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The Truth About Overdraft Fees: What You Need To Know

If you have a checking account, then you have probably heard of overdraft fees. These are fees that banks charge when you spend more money than you have in your account. In this blog post, we will discuss what overdraft fees are, how they work, and why they can be so costly for consumers. We will also provide some tips on how to avoid overdraft fees altogether!

What are overdraft fees and how do they work?

Overdraft fees are typically charged when you spend more money than you have in your bank account. Your bank may charge a fee for each transaction that causes you to go over your limit, or they may charge a daily overdraft fee until you bring your account back up to zero. In addition to covering the transaction, the bank or credit union then applies the fee.

Many Americans don’t know what they don’t know about overdraft fees. For example, 66% don’t know you must opt into overdraft coverage, and that saying “no” would save money. And 47% don’t know that banks can charge multiple overdraft fees per day, and some charge for each transaction, no matter how many. 

Certain banks or credit unions may return checks or transactions unpaid, resulting in a “nonsufficient funds,” also known as an NSF, fee. This fee tends to be a similar amount to an overdraft fee. But if your financial institution rejects a debit card transaction, you may not be charged a fee.

What are the consequences of overdrafting your account?

Overdrafting your account can have several consequences. The most immediate is that you’ll be charged an overdraft fee by your bank. This fee can vary depending on the institution, but it’s typically around $35. Additionally, you may be charged interest on the amount of money you’ve overspent. This could happen with checks, ATM withdrawals, or at the point of sale for debit card transactions.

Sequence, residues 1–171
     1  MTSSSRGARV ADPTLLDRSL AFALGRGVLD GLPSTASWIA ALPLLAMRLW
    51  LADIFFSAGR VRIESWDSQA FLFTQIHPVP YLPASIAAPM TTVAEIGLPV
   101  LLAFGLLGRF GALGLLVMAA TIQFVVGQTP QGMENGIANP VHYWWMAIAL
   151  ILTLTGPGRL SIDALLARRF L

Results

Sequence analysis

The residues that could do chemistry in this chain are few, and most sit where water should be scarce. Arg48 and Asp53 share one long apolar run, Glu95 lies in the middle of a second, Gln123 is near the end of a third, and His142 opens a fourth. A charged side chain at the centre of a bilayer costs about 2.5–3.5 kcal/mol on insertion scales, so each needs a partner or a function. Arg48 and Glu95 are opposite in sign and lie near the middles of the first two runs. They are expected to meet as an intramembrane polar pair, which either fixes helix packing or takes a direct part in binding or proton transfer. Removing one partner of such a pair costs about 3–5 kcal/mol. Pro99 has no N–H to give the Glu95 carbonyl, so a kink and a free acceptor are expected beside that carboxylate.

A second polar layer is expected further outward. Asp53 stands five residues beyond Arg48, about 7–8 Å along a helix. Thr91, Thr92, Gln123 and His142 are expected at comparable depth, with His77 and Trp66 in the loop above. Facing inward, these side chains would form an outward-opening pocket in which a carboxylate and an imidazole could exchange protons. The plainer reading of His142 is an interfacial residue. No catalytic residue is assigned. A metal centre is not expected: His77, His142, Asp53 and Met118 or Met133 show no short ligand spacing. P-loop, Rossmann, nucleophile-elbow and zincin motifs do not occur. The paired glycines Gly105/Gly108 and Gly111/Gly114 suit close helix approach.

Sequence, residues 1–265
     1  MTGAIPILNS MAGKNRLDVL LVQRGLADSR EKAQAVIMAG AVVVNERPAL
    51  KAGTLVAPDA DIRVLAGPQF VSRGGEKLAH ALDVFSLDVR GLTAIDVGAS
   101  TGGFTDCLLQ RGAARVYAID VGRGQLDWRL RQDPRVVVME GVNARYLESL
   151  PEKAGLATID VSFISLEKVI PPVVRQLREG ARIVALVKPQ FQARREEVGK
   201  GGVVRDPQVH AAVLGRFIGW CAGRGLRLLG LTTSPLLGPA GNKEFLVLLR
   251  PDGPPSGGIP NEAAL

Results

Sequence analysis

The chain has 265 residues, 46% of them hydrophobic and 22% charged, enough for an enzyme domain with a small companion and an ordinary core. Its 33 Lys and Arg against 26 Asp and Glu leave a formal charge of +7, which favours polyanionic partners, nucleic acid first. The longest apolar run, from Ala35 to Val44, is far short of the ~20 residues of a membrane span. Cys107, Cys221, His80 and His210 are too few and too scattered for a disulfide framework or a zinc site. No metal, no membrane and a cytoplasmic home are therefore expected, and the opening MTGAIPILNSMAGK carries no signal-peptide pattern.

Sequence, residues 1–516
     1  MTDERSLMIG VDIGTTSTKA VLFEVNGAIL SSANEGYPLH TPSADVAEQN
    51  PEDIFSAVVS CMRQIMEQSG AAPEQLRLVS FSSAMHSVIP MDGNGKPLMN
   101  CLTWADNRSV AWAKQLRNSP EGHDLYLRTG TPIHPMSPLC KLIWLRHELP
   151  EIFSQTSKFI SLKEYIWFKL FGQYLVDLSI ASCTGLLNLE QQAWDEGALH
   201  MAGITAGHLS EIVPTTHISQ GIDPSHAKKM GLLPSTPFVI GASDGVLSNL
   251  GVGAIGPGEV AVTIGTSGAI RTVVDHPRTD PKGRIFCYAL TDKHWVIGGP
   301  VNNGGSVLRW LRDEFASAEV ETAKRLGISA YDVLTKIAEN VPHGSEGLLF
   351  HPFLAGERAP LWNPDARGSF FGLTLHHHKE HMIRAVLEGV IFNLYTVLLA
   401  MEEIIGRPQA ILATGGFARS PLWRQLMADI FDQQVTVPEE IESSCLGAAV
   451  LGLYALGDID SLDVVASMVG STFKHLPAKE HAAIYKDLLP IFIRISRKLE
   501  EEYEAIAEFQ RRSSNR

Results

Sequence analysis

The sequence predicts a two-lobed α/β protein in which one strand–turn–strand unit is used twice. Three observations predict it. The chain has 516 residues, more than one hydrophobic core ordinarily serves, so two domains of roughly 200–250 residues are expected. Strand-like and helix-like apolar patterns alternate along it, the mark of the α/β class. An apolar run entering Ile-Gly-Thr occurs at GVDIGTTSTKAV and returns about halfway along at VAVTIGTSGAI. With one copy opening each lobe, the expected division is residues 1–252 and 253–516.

When an overdraft occurs, banks have the discretion to choose to cover the cost of customer overdrafts that come from checks, automatic bill payments, or any recurring transactions as part of their standard overdraft practices without needing your consent, but they can also charge a fee for that courtesy. Those fees can add up quickly, so it’s important to get your account back into good standing as soon as possible.

If you frequently overdraft your account, you may also find that your bank begins to charge more fees or close your account altogether. This can impact your ability to open a new account in the future, so it’s important to avoid repeated overdrafts if at all possible.

How do you avoid overdraft fees?

The best way to avoid overdraft fees is to keep a close eye on your account balance. Make sure you know how much money you have available, and always keep track of your spending. When you’re getting close to your limit, it’s time to stop spending and start saving.

Find a bank that doesn’t charge overdraft fees. Almost two-thirds of Americans, some 63%, don’t know that not all banks charge overdraft fees. Online banks and credit unions are more likely than traditional banks not to charge customers who overdraw their accounts or to charge very little.